Be more “LAZY” to lose weight?!

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imageLosing weight while you are stressed may be harder.  Ironically, you may have to eat even less than a unstressed person to loose the same weight. Is it just calories in calories out? Well, it depends on your metabolism.

Here’s a particular client’s situation that will explain what I mean.  She gave me permission to describe to you her struggle and how we approached it work toward success.  This woman came to see me at the clinic for help to lose weight. She was having trouble maintaining weight, let alone losing it.  In fact, she recently gained 20lbs. She is a VERY physically active, exercising five or more times a week, running and doing lots of hot yoga.  She was unable to understand why she still gained weight. After our initial consultation it was clear that many different factors could be contributing to her weight gain.  She is middle aged and is approaching menopause, and was on some medication for hyperthyroidism. Her endocrinologist indicated that her thyroid hormone levels were balanced now and not the primary cause of her weight gain.  But here is how I assessed and treated her from a whole person point of view….

Aside from the hormonal factors that may be contributing to a slowing of her metabolism, it become clear to me that she was under a lot of chronic stress. Her career had her traveling all the time.  And key to my work with her, she was possibly over-exercising.  And the hot yoga, although can be therapeutic, was another example of her asking the body to adapt to extreme conditions.   The intense heat, humidity and activity combination over many years, throughout the different seasons, may be extremely taxing on her body.

In traditional Chinese medical terms, my diagnosis was ‘yin deficiency’, which is a common menopausal condition, especially with over exercise and chronic exposure to heat .  In more conventional scientific terms, this long term stressing of her body and mind in many ways were likely elevating her cortisol levels, and put her body into a default “survival” mode.  This long-term “fight or flight” set-point of the body can slow a metabolism to make it more efficient, since it is in a survival mode. Also, in this conservative state, energy can be directed away from vital functions like fertility, digestion, immunity.  Generally speaking, we don’t feel well if our cortisol levels are high.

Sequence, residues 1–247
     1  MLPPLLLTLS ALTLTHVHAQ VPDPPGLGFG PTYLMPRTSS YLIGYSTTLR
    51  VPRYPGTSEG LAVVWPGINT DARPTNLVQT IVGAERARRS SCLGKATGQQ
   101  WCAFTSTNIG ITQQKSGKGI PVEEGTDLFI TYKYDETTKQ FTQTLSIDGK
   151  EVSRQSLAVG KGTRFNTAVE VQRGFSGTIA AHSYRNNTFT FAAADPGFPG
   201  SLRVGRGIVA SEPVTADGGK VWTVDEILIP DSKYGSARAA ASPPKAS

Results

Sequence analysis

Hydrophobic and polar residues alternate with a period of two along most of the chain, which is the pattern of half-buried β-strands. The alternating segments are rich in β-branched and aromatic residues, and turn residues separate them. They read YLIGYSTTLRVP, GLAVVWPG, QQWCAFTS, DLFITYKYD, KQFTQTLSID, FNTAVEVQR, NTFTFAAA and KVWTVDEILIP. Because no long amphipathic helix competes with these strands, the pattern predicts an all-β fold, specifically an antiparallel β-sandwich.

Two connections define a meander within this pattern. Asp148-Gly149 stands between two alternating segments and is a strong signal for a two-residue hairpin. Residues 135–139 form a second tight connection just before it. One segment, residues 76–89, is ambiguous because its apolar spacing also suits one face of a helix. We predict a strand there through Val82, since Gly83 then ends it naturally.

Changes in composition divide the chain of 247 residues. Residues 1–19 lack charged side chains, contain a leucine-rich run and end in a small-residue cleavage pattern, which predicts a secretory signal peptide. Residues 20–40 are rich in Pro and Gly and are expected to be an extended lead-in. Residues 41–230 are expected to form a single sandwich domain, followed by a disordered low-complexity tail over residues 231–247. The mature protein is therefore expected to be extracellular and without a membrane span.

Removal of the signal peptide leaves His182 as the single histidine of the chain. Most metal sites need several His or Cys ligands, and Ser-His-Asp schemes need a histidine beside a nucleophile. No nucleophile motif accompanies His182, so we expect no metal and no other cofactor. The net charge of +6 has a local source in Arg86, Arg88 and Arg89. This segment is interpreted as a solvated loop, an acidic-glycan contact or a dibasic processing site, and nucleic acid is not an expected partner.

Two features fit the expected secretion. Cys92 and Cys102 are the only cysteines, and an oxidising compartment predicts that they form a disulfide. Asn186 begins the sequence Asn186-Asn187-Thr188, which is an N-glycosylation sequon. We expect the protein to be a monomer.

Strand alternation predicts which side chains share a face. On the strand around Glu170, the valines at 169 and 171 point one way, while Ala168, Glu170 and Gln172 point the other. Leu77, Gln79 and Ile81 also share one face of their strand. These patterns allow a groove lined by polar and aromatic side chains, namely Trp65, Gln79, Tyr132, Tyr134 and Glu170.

So when I suggested that she cut back on the hot yoga and reduce the intensity and frequency of her exercise, at first that did not make sense to her.   So I explained about how her base line metabolism may be shifted into survival mode due to all the stressors she was putting on herself over time.  She wanted to know what she could do. I suggested walking instead of running and restorative or yin yoga instead of a hot and more active yoga. She gradually came to embrace this idea of balance and it’s impact on her metabolism. The last time I saw her she said she is learning how to be “lazy”.  Quietness, resting, slowing down are essential restoration states necessary in the ebb and flow of a healthy life. We live in a society where we say “how are you doing?” and we can brag back by saying, “busy, busy, busy!”.  It is less applauded to talk about what we are not doing, especially if we are not “retired” and/or wealthy.

As my client is losing some weight now, her focus comes away from how much fat she is burning in exercise and hot yoga, but more about achieving balance and mindfulness in her lifestyle and eating habits.  She needs to eat to meet the demands of her body, regardless of her metabolism being fast or slow.  We know diets don’t work to keep weight off, unless they become permanent lifestyle changes in how and what we eat, responding to our body’s needs.  If we slow down the eating (and living) process to listen to our body telling us when we are hungry and when we have had enough, we may not need to count calories, would we?

Hopefully this can be a turning point for her.  With acupuncture to help her relax, along with some coaching suggestions to foster a balanced approach to activity and leisure time, her metabolism will become more balanced, and her overall health will benefit.  I think that she has taken the first major step. It may make the weight loss journey seem longer, but it has become more about a journey health than simply about losing weight.